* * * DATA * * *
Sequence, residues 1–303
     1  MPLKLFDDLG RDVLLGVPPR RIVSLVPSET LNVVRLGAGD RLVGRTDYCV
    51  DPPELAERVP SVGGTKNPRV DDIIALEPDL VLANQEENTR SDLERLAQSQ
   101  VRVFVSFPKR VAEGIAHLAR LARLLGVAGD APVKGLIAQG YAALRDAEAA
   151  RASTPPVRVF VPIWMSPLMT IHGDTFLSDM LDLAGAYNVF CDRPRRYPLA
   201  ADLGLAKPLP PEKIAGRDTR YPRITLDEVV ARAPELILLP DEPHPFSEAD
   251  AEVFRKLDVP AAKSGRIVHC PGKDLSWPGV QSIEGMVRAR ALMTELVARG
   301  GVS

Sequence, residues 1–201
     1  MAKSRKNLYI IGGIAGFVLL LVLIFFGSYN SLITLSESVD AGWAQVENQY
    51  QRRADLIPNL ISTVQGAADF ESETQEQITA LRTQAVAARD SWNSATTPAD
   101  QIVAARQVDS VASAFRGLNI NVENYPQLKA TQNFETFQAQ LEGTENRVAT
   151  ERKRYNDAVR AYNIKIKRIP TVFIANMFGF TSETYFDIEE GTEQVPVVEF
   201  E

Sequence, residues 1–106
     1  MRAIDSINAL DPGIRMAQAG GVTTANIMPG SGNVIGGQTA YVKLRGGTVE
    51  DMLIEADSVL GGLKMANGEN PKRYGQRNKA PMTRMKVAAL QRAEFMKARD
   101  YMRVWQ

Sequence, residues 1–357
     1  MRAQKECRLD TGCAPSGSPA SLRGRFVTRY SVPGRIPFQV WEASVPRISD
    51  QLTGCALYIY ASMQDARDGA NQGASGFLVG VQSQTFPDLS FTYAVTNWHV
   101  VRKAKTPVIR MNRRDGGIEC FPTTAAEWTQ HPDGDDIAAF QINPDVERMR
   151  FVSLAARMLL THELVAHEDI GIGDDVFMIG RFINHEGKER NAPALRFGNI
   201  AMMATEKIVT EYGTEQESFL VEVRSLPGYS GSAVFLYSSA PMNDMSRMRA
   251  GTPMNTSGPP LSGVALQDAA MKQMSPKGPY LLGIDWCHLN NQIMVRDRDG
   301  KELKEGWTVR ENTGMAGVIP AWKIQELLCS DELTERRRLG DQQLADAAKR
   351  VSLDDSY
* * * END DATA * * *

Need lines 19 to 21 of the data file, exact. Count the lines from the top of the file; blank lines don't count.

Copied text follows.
Sequence, residues 1–357
     1  MRAQKECRLD TGCAPSGSPA SLRGRFVTRY SVPGRIPFQV WEASVPRISD
    51  QLTGCALYIY ASMQDARDGA NQGASGFLVG VQSQTFPDLS FTYAVTNWHV